Cancer warning: Artificial sweeteners may be associated with increased risk after all

Trisha Goddard discusses her breast cancer in 2018

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Artificial sweeteners are low-calorie or calorie-free chemicals which are used as a substitute for sugar in the sweetening of food and drinks. They can be found in thousands of different products, from drinks and desserts to cakes, chewing gum and even toothpaste. According to the European Food Safety Authority, the use of artificial sweeteners can be beneficial in helping to improve oral health by reducing the risk of tooth decay, as well as in helping to control blood sugar levels. Both Cancer Research UK and the US National Cancer Institute have asserted that there is “strong evidence” that artificial sweeteners are safe for human consumption — but, despite this, fears continue that there may be a connection between sugar substitutes and cancer.

The latest research was undertaken by nutritional epidemiologist Charlotte Debras of the Sorbonne Paris North University and her colleagues.

They said: “Our findings do not support the use of artificial sweeteners as safe alternatives for sugar in foods or beverages and provide important and novel information to address the controversies about their potential adverse health effects.

“These results need to be replicated in other large-scale cohorts and [the] underlying mechanisms clarified by experimental studies.”

However, they added, the findings do “provide important and novel insights for the ongoing re-evaluation of food additive sweeteners by the European Food Safety Authority and other health agencies globally”.

In their work, the researchers analysed health data on 102,865 French adults who volunteered to participate in the so-called “NutriNet-Santé” study into diet, nutrition and health that was launched back in 2009.

Subjects who enrol in the study do so online and self-report data on their diet, health, lifestyle, medical history and sociodemographic status.

The researchers extracted information on each participant’s intake of artificial sweeteners from 24-hour dietary records and then compared this with records of cancer diagnoses.

They also accounted for a range of other variables that could play a role in cancer risk, including age, body mass index, levels of physical activity, other dietary habits and sex.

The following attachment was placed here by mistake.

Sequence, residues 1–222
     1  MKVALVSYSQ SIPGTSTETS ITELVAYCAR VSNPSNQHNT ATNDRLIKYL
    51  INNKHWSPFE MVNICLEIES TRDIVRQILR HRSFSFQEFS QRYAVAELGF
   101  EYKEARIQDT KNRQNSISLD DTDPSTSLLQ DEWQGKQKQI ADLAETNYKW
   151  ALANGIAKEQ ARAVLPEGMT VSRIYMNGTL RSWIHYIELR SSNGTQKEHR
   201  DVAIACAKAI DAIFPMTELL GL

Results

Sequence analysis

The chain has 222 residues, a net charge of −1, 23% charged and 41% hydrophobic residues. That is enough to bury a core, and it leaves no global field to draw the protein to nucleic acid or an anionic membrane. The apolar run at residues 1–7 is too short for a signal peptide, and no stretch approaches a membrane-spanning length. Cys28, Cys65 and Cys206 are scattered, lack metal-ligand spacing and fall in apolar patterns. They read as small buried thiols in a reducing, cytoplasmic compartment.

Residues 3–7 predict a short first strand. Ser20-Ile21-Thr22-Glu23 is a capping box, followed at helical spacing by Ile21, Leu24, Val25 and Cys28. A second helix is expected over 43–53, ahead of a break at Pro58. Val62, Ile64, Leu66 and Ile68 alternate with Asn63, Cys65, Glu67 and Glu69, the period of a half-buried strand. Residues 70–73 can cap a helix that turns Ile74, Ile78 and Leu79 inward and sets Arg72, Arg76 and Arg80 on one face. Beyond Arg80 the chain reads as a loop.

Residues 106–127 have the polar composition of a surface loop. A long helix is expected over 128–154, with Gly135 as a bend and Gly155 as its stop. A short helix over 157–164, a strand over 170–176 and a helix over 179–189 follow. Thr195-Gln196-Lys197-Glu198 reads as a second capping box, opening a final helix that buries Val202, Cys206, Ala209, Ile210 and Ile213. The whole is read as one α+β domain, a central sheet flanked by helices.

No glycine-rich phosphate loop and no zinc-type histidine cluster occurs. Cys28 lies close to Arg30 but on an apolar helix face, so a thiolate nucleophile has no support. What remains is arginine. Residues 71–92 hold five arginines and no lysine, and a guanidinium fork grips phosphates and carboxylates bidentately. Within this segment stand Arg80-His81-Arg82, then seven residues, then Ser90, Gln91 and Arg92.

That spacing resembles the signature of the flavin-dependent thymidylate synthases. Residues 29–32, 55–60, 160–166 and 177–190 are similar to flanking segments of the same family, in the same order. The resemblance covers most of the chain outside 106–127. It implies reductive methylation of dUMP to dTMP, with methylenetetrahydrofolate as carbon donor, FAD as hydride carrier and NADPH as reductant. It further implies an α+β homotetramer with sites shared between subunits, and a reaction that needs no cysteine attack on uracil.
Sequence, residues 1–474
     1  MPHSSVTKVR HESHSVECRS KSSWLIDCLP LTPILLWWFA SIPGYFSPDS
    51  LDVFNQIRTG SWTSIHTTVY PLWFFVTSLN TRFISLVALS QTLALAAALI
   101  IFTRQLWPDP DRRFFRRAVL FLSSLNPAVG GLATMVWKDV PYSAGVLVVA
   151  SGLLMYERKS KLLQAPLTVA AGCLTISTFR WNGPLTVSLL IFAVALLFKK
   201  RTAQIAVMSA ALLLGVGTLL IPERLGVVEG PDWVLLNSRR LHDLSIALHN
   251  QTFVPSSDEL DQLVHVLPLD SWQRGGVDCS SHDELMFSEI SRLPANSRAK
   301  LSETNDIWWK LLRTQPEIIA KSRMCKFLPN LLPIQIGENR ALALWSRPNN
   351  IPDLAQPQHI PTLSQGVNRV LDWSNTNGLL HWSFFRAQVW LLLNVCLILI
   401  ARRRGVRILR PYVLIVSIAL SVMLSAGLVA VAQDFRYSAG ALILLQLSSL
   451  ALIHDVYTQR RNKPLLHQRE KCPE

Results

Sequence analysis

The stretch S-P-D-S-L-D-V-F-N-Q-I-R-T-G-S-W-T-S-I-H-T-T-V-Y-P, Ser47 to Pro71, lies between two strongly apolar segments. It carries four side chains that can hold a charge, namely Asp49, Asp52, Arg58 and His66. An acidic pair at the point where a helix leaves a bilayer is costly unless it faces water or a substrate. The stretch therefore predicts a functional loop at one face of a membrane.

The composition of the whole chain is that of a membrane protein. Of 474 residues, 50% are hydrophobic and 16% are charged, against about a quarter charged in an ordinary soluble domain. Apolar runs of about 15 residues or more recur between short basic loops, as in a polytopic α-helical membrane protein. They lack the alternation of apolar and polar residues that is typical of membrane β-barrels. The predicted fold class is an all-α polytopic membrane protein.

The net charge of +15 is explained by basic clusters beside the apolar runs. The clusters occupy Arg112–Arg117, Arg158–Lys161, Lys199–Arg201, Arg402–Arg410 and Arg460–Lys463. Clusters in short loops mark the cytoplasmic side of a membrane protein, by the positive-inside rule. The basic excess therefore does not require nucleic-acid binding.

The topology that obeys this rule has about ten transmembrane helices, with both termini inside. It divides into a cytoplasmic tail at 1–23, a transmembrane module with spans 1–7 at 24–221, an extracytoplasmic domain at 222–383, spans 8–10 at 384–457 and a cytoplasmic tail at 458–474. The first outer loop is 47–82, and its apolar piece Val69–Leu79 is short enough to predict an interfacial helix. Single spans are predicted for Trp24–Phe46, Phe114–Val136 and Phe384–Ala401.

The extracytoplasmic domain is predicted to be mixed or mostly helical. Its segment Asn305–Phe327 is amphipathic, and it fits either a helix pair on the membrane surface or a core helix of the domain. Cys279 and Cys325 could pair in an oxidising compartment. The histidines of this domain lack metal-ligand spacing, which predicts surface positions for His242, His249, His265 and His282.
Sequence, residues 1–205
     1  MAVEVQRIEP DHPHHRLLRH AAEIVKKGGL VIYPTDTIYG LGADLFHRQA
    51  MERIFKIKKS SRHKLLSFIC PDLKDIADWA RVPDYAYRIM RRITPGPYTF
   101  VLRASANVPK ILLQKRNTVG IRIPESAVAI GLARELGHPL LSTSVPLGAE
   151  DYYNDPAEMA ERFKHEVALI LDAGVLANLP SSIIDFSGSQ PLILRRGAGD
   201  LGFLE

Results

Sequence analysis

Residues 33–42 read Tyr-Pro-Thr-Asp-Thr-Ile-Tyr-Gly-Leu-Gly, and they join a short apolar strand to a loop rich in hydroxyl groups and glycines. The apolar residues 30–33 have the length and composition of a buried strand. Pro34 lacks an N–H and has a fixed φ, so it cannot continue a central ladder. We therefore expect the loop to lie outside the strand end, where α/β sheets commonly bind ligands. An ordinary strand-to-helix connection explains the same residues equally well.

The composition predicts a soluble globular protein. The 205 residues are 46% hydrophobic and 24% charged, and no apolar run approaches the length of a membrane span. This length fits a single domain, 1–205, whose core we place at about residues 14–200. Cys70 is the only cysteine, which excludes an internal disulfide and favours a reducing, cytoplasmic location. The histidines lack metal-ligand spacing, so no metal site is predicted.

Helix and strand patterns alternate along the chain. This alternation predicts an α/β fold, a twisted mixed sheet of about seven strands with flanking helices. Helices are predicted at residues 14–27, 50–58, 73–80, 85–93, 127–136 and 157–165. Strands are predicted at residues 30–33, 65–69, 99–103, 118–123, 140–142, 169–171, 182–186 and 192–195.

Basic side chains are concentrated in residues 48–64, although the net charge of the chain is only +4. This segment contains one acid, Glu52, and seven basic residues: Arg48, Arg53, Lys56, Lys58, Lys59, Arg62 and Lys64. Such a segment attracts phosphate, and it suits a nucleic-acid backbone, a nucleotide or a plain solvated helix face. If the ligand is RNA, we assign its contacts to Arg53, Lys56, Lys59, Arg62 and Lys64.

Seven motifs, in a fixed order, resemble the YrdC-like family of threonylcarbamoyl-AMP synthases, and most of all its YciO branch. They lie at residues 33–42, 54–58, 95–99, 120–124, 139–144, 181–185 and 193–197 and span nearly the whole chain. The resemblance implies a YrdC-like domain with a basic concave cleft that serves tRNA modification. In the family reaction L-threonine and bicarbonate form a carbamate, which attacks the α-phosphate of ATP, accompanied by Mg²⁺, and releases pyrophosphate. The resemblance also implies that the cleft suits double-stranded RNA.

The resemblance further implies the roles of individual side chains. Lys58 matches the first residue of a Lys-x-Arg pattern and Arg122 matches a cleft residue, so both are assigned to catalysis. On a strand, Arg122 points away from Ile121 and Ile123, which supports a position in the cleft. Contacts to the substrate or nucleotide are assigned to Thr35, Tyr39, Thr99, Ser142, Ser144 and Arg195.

The researchers found that participants who reported consuming larger quantities of artificial sweeteners — in particular aspartame and acesulfame-K — appeared to have a 13 percent higher risk of developing cancer overall than those who never consumed sugar substitutes.

In particular, the team said, the sweeteners were associated with a higher risk of both breast cancer and obesity-related cancers.

Ms Debras said: “Results from the NutriNet-Santé cohort suggest that artificial sweeteners found in many food and beverage brands worldwide may be associated with increased cancer risk.”

This conclusion, she explained, is in line with several previous experimental studies on the impact of artificial sweeteners.

Ms Debras added: These findings provide novel information for the re-evaluation of these food additives by health agencies.”

The researchers did caution, however, that their study has several important limitations that will need to be addressed in future studies.

The principal of these potential issues is that the dietary habits of the participants in the study were all self-reported.

In addition, the team noted, the demographics of the NutriNet-Santé cohort is skewed towards women, those with higher education levels and those that exhibit health-conscious behaviours.

Geneticist and epidemiologist Dr Michael Jones of The Institute of Cancer Research, London, said: “This large observational study of over 100,000 adults in France links the use of artificial sweeteners to cancer risk. However, the current consensus, according to the US National Cancer Institute, is that there is no clear evidence that artificial sweeteners cause cancer in humans — although there is frequent re-evaluation of the available evidence by food safety health authorities.